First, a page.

In a last minute attempt to get in a climb and a night under the stars before taking some time off, we latched onto an offer from the wonderful Erin, Douglas, and Jon to crash their Promised Land climbing party. Armed with a hand drawn AMC certified treasure map of how to get to the camping grounds and .1 mile by .5 mile directions off of mountain project, early Saturday we pointed the trusty Subaru towards Chino Valley and set off to catch up with everyone.
Now, one of the funniest results of dating the man of my dreams over the last 22 months is that we sometimes forget that we can’t read each others thoughts. For example, when coordinating how to meet up for the night, I’ll tell Tony to call me when you leave, thinking leave his work while he is thinking leave his house. Insert a hectic bike ride home to catch up. Now, add to this tendency a very crazy 3 weeks of school, work, and little sleep and suddenly we are finding ourselves an hour outside of Chino Valley with the realization that we do not have a tent packed, or a sleeping bag. Oops! Lucky, the smart phone pulled through with a quick Google search for “Prescott gear rentals.” We made a “quick” detour through the madness of downtown Prescott during the Whiskey Off Road Bike Race and rented a tent and a bag for $10 each from Rubicon outdoors- thanks Matt! A half a dozen hair raising stops across downtown again (why don’t they have turn lanes in Prescott?!) and we are back on track.
The Promised Land is about 10 miles down dirt forest service roads in the wilderness northeast of Chino Valley. Bringing back a little twinge of nostalgia for the area near Bishop, CA, the land is flat with sudden mountains and occasional cows. Having no official road signs after you turn off the main road and no pictures of the couple dozen turn left at the fork, turn right at the fork, you’ll have to do with this rendition of the drive (replaced with my green Subaru):
And, contrary to popular lyrics by Jason Aldean of:
Yeah, I’m chillin’ on a dirt road,
Laid back swervin’ like I’m George Jones.
Smoke rollin’ out the window,
An’ ice cold beer sittin’ in the console.
Ours ran more:
Yea I’m turning down some dirt road
Throwing on the emergency brake pronto,
To drive over a small boulder slow,
Ice cold Gatorade ready to go.
One road blocked by a fence and windmill later, we drove up to the clearing over looking the campgrounds. WOOOOO HOOOO!! Let’s go climb.
Here’s the thing. I’m not really a good writer, I have to work at it. Tony has a way with words and might be better apt to do this post, but climbing at the promised lands was like coming home to me and I took on the honors. (If you want to really read some great climbing articles, I recommend the late Micheal Ybarra- writer for Alpinist and Wall Street Journal). Anyways, being home. You know that feeling when you walk in the door after a long day, or when your home during the rain, or when you come home after a long trip? That’s what it felt like to climb in the Promised Land. The rock wasn’t exactly exotic, the climbing wasn’t particularly epic, but it was a rock type and climbing style that you would hang your Christmas stocking on.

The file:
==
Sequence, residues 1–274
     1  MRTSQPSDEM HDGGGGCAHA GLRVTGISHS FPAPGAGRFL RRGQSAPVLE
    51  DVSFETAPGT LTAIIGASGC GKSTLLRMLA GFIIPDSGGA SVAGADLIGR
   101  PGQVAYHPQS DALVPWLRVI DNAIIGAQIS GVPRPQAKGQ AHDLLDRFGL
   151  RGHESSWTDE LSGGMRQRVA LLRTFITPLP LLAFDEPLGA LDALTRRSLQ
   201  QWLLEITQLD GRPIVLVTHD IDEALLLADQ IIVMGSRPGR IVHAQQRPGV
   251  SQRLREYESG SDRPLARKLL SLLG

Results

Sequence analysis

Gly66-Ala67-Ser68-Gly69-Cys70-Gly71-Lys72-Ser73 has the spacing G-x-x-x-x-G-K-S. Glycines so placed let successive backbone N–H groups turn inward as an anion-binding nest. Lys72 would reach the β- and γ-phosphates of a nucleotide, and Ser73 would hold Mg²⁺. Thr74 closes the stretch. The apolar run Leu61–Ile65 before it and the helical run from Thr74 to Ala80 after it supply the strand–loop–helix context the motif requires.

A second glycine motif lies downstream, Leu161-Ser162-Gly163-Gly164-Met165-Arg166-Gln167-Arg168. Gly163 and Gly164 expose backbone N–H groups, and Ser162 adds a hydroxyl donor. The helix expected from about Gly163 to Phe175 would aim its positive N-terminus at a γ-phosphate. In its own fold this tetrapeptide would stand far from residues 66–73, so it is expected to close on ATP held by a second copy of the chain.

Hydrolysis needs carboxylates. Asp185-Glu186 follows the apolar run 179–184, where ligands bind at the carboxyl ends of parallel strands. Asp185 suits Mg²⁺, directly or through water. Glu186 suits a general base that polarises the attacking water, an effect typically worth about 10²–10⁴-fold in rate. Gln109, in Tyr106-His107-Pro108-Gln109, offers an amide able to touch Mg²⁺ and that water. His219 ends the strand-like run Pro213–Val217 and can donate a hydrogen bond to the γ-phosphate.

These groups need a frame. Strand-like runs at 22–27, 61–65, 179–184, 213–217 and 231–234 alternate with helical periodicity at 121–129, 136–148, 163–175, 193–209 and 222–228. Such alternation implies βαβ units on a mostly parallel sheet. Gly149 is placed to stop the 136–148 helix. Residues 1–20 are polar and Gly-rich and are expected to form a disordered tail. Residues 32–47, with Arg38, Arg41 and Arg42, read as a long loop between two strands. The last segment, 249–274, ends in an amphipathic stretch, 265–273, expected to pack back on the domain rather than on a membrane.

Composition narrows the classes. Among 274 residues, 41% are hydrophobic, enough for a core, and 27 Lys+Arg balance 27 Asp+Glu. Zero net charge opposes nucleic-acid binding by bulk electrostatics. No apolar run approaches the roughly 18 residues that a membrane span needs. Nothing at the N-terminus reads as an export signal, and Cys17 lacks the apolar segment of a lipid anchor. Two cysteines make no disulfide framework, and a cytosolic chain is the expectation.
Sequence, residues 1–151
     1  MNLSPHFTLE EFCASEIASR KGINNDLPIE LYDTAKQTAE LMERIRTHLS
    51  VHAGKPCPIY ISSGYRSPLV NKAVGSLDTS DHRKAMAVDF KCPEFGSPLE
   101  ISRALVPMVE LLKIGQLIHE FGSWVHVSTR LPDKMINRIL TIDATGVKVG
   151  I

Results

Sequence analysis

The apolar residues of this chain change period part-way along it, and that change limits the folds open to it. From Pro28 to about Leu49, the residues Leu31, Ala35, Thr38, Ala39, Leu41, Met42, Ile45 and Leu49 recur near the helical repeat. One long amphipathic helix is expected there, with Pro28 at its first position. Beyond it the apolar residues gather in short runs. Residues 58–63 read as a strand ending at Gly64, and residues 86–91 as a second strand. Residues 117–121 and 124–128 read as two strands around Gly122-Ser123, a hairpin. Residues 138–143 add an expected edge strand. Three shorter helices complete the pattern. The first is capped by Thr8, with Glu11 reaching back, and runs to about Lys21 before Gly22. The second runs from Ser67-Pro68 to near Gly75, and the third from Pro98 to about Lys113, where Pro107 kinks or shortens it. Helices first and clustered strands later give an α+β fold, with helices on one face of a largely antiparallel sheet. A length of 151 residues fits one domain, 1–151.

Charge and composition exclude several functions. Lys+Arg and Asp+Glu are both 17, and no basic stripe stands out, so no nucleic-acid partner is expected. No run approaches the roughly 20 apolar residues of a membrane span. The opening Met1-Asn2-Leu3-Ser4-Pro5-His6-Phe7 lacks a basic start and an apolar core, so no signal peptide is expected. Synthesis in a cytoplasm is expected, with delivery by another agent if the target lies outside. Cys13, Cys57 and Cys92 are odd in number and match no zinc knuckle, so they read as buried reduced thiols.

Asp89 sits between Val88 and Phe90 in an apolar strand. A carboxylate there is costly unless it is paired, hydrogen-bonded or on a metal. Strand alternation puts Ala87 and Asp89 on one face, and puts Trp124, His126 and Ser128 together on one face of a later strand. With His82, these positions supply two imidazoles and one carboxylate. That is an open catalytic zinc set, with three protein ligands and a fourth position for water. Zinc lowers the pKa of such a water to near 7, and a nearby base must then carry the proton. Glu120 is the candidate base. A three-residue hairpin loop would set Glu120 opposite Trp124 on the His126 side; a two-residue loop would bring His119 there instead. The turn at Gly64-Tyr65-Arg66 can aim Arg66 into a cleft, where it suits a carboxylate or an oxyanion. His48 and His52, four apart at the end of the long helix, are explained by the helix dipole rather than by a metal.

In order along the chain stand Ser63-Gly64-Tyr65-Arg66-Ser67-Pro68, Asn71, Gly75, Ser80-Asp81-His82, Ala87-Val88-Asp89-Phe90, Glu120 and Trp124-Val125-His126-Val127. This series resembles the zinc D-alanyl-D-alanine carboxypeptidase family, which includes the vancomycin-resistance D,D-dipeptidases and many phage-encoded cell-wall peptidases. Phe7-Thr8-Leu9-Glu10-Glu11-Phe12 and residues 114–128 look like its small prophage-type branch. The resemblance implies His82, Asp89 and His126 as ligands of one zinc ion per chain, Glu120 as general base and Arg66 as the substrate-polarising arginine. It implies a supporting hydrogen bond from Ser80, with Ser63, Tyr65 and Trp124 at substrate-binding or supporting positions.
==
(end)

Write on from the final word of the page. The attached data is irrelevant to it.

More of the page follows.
Some details: The promised land is composed on many section of climbing in a canyon. You park at a smal overlook to a camping area, then follow a trail on the edge of the campground that parallels and sometimes is in the wash. You walk by a burly looking overhung looking wall on the left cross some big boulders- probably about a 15 minute approach, and the first wall you will see is Solomon. It has some easy routes and a pretty cool somewhat overhung stretch that goes more difficult. Valerie’s book on the left side of the wash, about 100 degrees ish from solomon. This area is cool as it has a lot of easy to hard sport routes and you can set up camp in the middle of the wash and chase the shade during the day working your way around routes. The area (and surrounding) is mostly sport with mostly chain anchors- you can also walk to the top and set up top ropes if you are skilled at setting up anchors. Everything we climbed that day was sport and top rope appropriate. The rock is hard metamorphic rock and is formed in a way that lends to lots of cool open hand crimps, jugs, and cool side pulls. It can be slick in places but is pretty solid. There is likely a lot more climbing there than mountainproject.com and rockclimbing.com let on. John’s boys and I took off on an exploring expedition and it looked like there were more walls put up further into the canyon, and there is the shot wall above Valerie’s. I would recommend (and next time going) to check at climbing stores in Prescott for a guide to the area. It’s a beautiful, easy hike further down into the canyon if you need to take a break from climbing during the day. Bring plenty water as you are miles from town.
Some fun pictures from the day!
Can’t wait to go back and do it again!